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Another thing to consider

Is timing the rut. In Colo bow season starts last week of August. However bugling or cow calling in a bull this early is more rare due to the fact that the elk are barely getting into their rut behavior. As you get closer to the peak of the rut which generally is mid to end of Sep. into the first week of Oct. the bulls are high on ultra grade testosterone and this is when calling them in is done much more succesfully. When their raging on their hormones ready to fight to love is when they are most susceptible to being called in. This applies to either satellite bulls hanging onto the periphery of the herd bull and his harem or the herd bull himself as others have said by breaking into his comfort zone. Generally a herd bull will avoid fighting and hanging onto his harem if he can, but if you break into his comfort zone and threaten to steal his cows he will come to fight. Harder to do this due to the increased amount of eyes, ears, and noses, involved in breaking into threatening range of the herd.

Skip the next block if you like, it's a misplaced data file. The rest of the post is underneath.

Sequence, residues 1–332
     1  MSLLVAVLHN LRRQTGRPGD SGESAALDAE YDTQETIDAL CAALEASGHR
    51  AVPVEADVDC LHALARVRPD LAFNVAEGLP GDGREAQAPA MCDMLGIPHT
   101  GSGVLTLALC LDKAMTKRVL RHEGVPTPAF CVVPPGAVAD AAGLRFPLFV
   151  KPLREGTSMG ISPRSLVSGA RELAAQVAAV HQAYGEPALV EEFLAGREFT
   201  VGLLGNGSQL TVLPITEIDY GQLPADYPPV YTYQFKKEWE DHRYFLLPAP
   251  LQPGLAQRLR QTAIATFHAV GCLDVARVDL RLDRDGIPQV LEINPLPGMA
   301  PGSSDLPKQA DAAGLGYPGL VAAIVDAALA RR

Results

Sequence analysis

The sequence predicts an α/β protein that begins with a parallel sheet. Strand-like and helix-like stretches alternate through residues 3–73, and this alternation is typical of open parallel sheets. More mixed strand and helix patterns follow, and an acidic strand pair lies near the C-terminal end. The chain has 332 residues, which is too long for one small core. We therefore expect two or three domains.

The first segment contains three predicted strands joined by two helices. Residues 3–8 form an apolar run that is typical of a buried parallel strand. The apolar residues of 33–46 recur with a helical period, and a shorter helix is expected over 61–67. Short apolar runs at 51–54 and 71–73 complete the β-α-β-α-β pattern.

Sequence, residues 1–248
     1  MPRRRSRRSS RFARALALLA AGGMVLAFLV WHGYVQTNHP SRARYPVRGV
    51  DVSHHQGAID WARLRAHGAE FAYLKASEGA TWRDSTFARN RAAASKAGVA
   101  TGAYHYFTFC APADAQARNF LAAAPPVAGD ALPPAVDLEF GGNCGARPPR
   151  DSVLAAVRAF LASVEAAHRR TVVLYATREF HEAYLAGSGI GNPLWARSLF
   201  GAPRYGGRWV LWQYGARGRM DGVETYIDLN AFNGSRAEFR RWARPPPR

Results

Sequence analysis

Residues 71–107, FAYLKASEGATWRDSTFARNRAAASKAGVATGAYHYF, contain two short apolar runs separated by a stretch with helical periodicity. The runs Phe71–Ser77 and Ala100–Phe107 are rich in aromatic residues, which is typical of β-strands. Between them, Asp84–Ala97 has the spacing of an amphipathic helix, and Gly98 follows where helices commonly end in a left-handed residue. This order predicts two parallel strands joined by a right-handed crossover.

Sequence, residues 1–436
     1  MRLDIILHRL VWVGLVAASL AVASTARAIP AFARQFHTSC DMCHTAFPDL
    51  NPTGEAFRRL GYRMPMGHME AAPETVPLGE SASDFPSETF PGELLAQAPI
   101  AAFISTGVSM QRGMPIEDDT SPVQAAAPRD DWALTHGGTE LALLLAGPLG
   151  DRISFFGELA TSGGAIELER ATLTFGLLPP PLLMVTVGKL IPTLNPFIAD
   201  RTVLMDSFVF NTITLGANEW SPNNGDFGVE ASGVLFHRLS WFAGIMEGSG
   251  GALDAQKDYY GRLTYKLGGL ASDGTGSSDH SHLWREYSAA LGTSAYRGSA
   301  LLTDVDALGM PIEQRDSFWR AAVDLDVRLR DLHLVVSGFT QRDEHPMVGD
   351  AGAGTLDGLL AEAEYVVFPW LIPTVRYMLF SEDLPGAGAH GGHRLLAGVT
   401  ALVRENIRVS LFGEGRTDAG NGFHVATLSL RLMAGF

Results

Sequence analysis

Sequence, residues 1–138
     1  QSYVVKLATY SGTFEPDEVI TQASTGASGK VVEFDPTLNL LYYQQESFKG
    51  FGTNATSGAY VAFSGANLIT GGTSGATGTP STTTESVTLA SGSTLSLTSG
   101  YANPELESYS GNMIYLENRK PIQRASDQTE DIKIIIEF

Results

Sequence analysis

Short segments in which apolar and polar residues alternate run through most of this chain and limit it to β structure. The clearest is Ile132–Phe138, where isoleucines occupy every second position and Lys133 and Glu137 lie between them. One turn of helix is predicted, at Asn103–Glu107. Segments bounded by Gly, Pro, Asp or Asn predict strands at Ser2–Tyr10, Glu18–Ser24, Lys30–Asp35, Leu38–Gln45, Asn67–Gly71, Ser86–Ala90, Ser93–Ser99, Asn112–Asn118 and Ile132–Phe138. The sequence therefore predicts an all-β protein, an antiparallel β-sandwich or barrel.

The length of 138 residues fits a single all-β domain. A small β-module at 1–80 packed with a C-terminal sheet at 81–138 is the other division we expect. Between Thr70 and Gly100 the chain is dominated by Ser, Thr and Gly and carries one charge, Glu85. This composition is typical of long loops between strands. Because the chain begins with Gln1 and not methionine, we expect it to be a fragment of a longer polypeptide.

Satellite bulls near the peak of the rut are eager to come into a mixture of bugles and or cow calling due to their hormone frenzy and desire to 'get some'.

So, one may try bugling if hunting near the beginning of the season, late Aug. or early Sep., and get no responses and think to himself 'this hear bugling/cow calling don't work' where if he tried it two to three weeks later he may find himself awed at all the action and responses that are conjured up by his same calling. Provided he's hunting where the elk are.

If you are a 'newbie' one of the main things is don't be afraid to call. If you are hearing elk bugling play the wind (the most critical thing) and throw some bugles in their direction and close the distance and stay hidden while doing this. I've initally bugled and then cow called more as I could hear them closing the distance. I cup my cow call and blow it in different directions and tones so as not to let the bull pinpoint precisely where I am as easily and make him think theirs more then one cow. If their hot you don't need to sound perfect to get em riled up and ready to come in to kick butt or make love. Be ready to shoot!